Wednesday , May 22 2019
Home / bulgaria / The car is facing huge consequences ::

The car is facing huge consequences ::

The car is facing huge consequences

Photo: Reuters

The potential merger of long-term partners, Nissan and Renault, could create a dominance in the automotive industry of 3 major players, the competition will be sharp, Bloomberg said.

The French and Japanese automotive companies and the partner of Mitsubishi's third party jointly produce 10.8 million vehicles annually, twice the global competitive Ford offer. If a merger agreement is concluded between Renault and Nissan, the new company will be the second largest in the world. The German automaker Volkswagen will remain first and third place will be the Japanese company Toyota.

The size of businesses has always been a factor in the industry. Car makers are increasing their costs of investing in the development of self-propelled cars and electric vehicles. Meanwhile, shared travel companies like Uber are taking automotive customers and commercial tensions have a negative impact on industry.

Renault president Jean-Dominique Senard, who took office from January to arrest Carlos Gonzo, revived the idea of ​​merging the two companies, let's say the negotiators wishing to remain anonymous.

Nissan and the Japanese government have prevented Renault's efforts to pursue merger negotiations, the Financial Times said. Relationships between partners are tense due to Gon's arrest in Japan.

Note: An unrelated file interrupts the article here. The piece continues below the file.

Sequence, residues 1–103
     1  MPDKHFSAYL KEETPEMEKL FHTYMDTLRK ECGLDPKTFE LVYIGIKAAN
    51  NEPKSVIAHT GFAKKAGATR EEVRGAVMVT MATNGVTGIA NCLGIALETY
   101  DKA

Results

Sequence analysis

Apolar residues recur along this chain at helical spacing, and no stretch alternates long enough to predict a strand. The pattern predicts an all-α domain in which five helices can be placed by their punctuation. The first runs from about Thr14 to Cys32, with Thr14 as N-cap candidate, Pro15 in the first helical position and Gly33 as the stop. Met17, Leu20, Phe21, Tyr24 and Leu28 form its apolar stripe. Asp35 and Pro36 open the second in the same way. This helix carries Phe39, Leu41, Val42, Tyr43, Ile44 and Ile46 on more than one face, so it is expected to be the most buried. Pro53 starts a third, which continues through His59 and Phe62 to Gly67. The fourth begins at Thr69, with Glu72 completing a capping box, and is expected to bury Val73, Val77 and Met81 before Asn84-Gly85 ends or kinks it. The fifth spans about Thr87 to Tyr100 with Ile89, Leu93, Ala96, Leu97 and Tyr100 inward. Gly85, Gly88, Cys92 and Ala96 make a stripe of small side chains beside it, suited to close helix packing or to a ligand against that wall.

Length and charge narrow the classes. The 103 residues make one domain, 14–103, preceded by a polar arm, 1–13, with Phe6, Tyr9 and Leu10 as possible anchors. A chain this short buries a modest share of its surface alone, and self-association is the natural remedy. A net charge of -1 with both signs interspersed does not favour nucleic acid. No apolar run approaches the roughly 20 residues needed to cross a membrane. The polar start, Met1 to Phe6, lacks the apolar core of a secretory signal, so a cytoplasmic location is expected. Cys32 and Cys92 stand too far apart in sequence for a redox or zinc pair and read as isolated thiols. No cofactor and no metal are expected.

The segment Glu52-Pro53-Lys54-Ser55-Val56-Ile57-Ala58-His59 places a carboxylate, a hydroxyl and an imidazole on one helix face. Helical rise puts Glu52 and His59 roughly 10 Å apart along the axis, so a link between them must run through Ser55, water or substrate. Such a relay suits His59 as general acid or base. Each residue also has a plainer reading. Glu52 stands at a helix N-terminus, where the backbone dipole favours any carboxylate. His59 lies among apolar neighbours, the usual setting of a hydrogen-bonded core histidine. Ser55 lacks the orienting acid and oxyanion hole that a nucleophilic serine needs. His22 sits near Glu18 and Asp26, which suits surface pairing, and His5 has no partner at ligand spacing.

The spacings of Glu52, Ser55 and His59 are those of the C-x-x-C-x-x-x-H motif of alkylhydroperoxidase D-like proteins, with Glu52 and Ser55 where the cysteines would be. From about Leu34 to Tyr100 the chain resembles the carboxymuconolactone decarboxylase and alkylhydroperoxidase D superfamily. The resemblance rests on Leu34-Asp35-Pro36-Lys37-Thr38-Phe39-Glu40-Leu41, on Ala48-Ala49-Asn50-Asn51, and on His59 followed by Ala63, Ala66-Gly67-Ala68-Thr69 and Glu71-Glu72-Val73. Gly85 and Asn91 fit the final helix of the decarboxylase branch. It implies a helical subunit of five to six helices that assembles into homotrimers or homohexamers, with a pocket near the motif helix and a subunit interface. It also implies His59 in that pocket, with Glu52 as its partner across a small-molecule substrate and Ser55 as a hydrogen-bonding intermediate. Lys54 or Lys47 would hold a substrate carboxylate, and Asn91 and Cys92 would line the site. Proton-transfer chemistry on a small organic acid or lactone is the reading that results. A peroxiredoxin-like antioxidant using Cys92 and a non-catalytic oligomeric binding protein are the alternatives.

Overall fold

"For mass manufacturers, the size is everything." These three countries want to continue their cooperation. However, after Gon's arrest, everything has to be reconsidered, ”explains Jürgen Piper, financial analyst at Bankhaus Metzler in Frankfurt.

Senard's proposal ensures equality of ownership and management. This would be beneficial to a Japanese car manufacturer that was rescued almost 20 years ago by the bankruptcy of Renault.

The struggle for unification has desperately needed reform for several years. Currently, Nissan generates more sales than Renault, but has no right to vote in its partner's decision. Unbalanced relations between the two countries have caused tensions in the past. The problem deepened in 2015, when the French government, which owns 15% of Renault, thwarted Nissan's plan to vote.

What analysts say and what are the risks in continuing the analysis on Bloomberg TV Bulgaria!

Source link